Semicarbazide-sensitive amine oxidase (SSAO): from cell to circulation
Medical Science Monitor
Semicarbazide-sensitive amine oxidase (SSAO) is a multi-functional enzyme widely present in nature. It converts primary amines into their corresponding aldehydes, while generating H(2)O(2) and NH(3). In mammals, SSAO circulates in plasma, while a membrane-bound form (often referred to as vascular adhesion protein-1, VAP-1) is found in many tissues and organs, especially in adipocytes and vascular endothelial and smooth muscle cells. In recent years, evidence has been accumulating that SSAO has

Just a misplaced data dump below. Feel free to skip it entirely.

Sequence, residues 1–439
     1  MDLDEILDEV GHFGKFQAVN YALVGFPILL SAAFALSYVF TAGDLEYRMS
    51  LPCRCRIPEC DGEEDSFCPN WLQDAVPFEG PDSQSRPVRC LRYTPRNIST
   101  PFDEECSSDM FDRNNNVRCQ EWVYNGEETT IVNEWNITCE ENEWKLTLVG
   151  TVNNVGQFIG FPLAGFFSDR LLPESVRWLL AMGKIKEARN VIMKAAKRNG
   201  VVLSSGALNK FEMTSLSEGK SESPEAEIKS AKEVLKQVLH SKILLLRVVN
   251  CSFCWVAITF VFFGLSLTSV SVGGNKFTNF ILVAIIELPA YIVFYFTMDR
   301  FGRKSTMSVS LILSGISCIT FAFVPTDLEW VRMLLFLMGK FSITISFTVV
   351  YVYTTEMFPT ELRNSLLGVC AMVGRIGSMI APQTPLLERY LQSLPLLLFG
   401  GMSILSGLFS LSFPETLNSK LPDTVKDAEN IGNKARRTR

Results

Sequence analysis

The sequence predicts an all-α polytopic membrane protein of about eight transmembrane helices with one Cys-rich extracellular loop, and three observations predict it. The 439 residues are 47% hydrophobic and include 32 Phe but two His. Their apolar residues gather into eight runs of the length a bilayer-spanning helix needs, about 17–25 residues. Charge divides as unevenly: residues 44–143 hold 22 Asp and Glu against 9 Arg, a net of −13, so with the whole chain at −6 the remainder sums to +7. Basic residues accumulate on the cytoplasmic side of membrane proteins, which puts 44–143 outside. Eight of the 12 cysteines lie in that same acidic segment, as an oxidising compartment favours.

... ting that SSAO has a role in protein cross-linking, formation of advanced glycation end-products, atherogenesis, glucose regulation and leukocyte extravasation at inflammation sites. Plasma SSAO is quite stable in healthy adults, but is elevated in diabetes mellitus (both type 1 and type 2), congestive heart failure and liver cirrhosis. The origin of circulating SSAO remains unclear, but recent evidence from clinical studies and from (transgenic) animal studies suggests that adipocytes and vascular endothelial cells may be the most important source. Studies with cell cultures show evidence that the membrane-bound SSAO can be split off from the cells, thus giving rise to the (truncated) circulating form of SSAO. In some pathological conditions the diseased organ may be the main source of the elevated plasma SSAO. Little is known as yet about the regulation of plasma SSAO. Thyroid hormone appears to play a (modest) role in this respect. Further evidence from clinical, animal and cell-culture studies, helped by the new availability of selective SSAO inhibitors, is needed to shed more light on the question of the regulation of SSAO.